I stand by my comments, even though some high-and-mighty admin saw fit to delete them and back-up their precious little clan. JK Rowling was not an over-night success. Stephen King was not an over-night success. EL James was not an over-night success. These writers are where they are through hard work and luck. You’ve heard of them because they’ve made a franchise out of their books. But there are hundreds of authors out there that make a living from selling their books, and you’ve never heard of them. There are hundreds of self-published authors who have never even considered getting an agent or a traditional contract, who are doing very well for themselves.

Sitting on social media, slagging off self-published authors for ‘taking the easy route’ is not big, is not clever, and is not nice. Instead of hiding behind your screen, try congratulating them. Try being happy for them that they’ve reached a goal, followed their dreams.

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At the end of this rant, and having read back over what I’ve written, I’ve come to realise that I actually feel quite sorry for these idiots. It’s very sad that they feel threatened by someone else’s success. Trust me, my self-published short story did not stop you from getting that coveted your contract. It was probably your attitude.

A Saturated Market

OR Why I Won’t Self-Publish a Self-Help Book

About a week ago I decided to set up a new company – RW Literary Services – offering editing, proofreading, manuscript assessment, CV writing, and freelance article writing. (www.rwls.co.uk) I was asked by a couple of people why I think I have the experience to set that company up, after all I’m just an author and I have a team of people who do all of this for me. If I can’t do it for my own books, how can I do it for someone else?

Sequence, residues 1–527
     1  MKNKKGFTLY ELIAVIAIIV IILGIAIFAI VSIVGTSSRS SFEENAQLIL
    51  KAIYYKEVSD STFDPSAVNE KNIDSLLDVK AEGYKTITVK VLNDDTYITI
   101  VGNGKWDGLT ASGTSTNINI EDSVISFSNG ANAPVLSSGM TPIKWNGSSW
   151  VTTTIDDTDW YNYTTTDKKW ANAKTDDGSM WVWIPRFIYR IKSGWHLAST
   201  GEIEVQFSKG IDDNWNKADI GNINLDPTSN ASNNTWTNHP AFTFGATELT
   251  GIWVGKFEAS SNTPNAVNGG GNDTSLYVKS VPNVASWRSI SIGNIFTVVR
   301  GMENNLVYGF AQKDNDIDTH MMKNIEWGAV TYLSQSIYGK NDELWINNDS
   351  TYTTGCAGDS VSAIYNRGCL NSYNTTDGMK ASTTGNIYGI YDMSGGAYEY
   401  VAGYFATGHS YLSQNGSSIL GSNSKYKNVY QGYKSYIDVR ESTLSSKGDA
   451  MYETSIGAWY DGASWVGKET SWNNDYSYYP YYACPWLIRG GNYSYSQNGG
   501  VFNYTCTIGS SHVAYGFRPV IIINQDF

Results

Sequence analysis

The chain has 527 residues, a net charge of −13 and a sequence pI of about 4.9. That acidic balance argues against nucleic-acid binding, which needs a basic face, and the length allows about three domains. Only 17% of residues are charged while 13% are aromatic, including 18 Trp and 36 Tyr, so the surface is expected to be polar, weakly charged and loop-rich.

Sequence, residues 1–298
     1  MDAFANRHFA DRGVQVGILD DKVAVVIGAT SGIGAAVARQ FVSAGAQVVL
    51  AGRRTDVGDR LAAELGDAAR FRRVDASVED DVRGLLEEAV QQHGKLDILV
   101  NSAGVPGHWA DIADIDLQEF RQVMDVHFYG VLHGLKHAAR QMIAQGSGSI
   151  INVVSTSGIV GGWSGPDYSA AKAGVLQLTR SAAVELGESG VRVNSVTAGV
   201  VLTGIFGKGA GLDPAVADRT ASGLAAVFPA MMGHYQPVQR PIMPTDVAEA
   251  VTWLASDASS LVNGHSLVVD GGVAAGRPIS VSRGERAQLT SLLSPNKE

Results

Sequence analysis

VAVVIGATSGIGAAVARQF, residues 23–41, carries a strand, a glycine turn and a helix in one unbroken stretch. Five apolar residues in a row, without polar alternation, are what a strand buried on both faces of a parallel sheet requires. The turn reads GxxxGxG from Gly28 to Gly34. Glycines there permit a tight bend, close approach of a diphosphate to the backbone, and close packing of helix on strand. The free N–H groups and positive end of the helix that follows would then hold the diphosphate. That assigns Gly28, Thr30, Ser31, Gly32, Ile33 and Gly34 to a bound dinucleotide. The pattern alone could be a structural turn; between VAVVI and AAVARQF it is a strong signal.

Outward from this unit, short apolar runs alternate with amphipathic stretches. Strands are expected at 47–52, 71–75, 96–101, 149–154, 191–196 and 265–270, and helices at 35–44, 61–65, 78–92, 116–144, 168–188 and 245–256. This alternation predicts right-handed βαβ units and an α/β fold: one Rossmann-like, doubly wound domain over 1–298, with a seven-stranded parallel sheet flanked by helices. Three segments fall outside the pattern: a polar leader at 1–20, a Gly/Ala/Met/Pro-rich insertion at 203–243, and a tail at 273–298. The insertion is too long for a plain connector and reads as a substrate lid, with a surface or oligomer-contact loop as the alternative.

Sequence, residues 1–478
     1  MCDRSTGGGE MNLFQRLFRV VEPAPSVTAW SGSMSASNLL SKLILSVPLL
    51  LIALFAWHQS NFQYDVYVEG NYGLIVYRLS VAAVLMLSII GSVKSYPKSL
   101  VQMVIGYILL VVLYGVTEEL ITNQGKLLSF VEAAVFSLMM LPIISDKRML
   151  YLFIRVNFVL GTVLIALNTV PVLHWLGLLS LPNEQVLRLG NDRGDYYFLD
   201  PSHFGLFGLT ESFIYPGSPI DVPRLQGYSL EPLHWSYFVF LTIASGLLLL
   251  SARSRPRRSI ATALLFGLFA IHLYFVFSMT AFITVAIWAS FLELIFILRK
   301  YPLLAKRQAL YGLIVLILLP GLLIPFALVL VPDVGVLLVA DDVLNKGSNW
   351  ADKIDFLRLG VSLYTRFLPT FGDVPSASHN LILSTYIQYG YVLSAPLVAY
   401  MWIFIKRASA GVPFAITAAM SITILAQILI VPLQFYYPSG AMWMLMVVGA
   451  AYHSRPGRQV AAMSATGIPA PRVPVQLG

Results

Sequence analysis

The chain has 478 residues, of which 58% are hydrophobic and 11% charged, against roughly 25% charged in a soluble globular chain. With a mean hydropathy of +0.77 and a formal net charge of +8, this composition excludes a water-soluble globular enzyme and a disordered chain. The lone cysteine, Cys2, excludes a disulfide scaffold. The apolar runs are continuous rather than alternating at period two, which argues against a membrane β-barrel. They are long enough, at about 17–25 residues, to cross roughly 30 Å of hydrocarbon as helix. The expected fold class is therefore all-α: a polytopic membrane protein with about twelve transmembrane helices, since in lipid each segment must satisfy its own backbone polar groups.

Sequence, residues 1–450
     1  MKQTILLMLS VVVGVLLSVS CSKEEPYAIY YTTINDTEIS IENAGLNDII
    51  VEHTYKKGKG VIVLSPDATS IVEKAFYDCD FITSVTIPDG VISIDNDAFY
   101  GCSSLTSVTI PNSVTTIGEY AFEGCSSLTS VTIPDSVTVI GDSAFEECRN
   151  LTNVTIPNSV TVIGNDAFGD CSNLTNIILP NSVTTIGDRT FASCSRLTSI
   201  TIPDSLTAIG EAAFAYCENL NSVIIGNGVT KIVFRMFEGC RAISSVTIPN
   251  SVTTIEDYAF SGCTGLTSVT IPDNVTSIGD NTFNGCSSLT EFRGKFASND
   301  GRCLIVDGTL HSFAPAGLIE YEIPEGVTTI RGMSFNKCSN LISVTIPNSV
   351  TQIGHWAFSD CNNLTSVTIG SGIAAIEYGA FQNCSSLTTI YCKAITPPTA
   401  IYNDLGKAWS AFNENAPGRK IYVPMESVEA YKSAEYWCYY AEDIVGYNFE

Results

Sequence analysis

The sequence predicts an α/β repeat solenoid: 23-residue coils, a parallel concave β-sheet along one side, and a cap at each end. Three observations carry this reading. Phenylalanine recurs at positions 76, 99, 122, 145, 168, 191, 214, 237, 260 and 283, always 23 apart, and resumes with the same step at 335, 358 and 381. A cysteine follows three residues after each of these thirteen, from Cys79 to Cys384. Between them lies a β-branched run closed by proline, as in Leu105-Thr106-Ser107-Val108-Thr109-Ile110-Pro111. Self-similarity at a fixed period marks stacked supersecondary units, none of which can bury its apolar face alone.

Well, for a start, I wasn’t always an author. In fact I started out as a freelance writer, creating articles on pet care, beauty, and parenting. This developed into advertising and eventually a full-time job in editing and fact-checking. I was on good money. But it wasn’t where my heart was. I wanted to concentrate on fiction, so in 2013 jacked it all in and decided to throw myself into promoting Seven Dirty Words and Four Letter Words, and writing more novels. So I do have the experience and skills to set up the business, but it got me thinking – why was I asked that in the first place? If someone opened a restaurant, you wouldn’t say “oh I guess anyone who cooks can run a business like that”, would you?

It should be well-known by now that authors tend to have a real job as well as writing, but most of us want our novels to be full-time and paying the bills. So we look at ways to support our work. Some have written non-fiction books on how to write books, how to get published, or how to get an agent. Some (and it has to be said, mostly self-published) authors have set up publishing companies. Through a little bit of digging and research, my opinion is because setting up a house and then publishing under that name gives you a little bit more credibility when it come to marketing to readers. It also allows you to reach a wider market, getting your book listed with the likes of Gardners and Bertrams. After a few books have been self-published, a few of these authors decide to help others and publish their books as well, and voila! A new publishing house with multiple authors is born. Some of these have worked and gone on to become sought after houses, others have flunked and struggle to pay their debts.